I had been intimidated by the idea of taking this workshop because I didn’t think I’d understand all the scientific jargon. I was never good in science growing up and I was afraid I’d be lost during the lectures. His books had seemed difficult to me before this workshop – I owned several of them, but they weren’t my primary sources. After the workshop, I re-read Structure of Singing and heard his voice in the narrative, awakened to the wit and intelligence behind the science. My admiration of him only grew in San Diego in 2002.

In June 2006, I saw him on the final day of the Teaching Men to Sing workshop and he looked old, small and frail, and I thought, “Oh, what is this going to be like? He’s clearly diminished from 4 years ago. Poor old guy – after all, he is 81 and he has been ill.” The impression was wrong – he was still vibrant, intuitive and as entertaining as ever. My main regret is that I didn’t bring a book for him to autograph – I didn’t want to bother him.

I had looked forward to driving down to Bloomington this June to see him in a master class and bringing my student, Maureen, who was deeply influenced by his books in doing her challenge paper on vocal pedagogy (high school!) to see him. And I was going to get that autograph!

When I read that he had died, I felt a deep loss. I had referred to him semi-seriously as my pedagogical father and that’s the kind of loss I feel.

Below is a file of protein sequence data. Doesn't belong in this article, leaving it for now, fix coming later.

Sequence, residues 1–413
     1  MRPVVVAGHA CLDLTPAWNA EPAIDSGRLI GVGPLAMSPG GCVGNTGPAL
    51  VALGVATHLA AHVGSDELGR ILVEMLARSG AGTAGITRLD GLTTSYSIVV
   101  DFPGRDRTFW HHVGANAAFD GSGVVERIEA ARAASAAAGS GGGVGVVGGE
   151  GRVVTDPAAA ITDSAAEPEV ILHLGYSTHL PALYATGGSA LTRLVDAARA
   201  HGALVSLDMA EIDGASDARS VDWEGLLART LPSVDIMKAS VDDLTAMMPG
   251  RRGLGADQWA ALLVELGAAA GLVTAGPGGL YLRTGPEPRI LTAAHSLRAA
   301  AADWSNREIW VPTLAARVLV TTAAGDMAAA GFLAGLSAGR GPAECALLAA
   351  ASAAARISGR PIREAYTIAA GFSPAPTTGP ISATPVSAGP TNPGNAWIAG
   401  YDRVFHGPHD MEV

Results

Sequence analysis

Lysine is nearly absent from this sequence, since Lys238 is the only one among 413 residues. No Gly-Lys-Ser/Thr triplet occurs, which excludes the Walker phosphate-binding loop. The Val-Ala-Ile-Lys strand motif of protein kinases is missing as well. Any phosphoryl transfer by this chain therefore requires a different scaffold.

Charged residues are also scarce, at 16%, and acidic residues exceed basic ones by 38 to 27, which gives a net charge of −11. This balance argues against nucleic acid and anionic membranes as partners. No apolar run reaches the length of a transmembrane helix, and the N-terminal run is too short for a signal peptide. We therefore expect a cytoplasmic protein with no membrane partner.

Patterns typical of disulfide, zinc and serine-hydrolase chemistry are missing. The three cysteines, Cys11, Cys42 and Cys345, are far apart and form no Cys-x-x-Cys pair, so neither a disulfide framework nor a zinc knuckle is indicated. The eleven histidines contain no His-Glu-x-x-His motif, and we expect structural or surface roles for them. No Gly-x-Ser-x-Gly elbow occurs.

Yes, he was 83 and lived a good long life. But there was still more he had to offer, and I’m sorry that this upcoming generation of singers will not get to hear that voice.

With that mind, I think I’ll go dig out my cassette of his 2002 master class. Perhaps if I hear him speak, I will want to sing.

Why I teach – part I

I have to confess that there have been two times in my life when teaching was something to “fall back on.” The first time was when I majored in music at Alverno College, and told my advisor that what I wanted to do was to sing professionally and teach voice privately. I had never even had a voice lesson at that point, but there was something about it that called to me. My advisor said, “You want to be a music education major,” and I said, “Well, no, not really, I don’t think I’d really like that or be that good at it.” She said, “Well, what was your favorite class in HS? Who was your favorite teacher?” I said, “Well, choir and Mr. Fox. He was an amazing choral director.” She smiled triumphantly and said, “Well, don’t you want to be just like Mr. Fox?”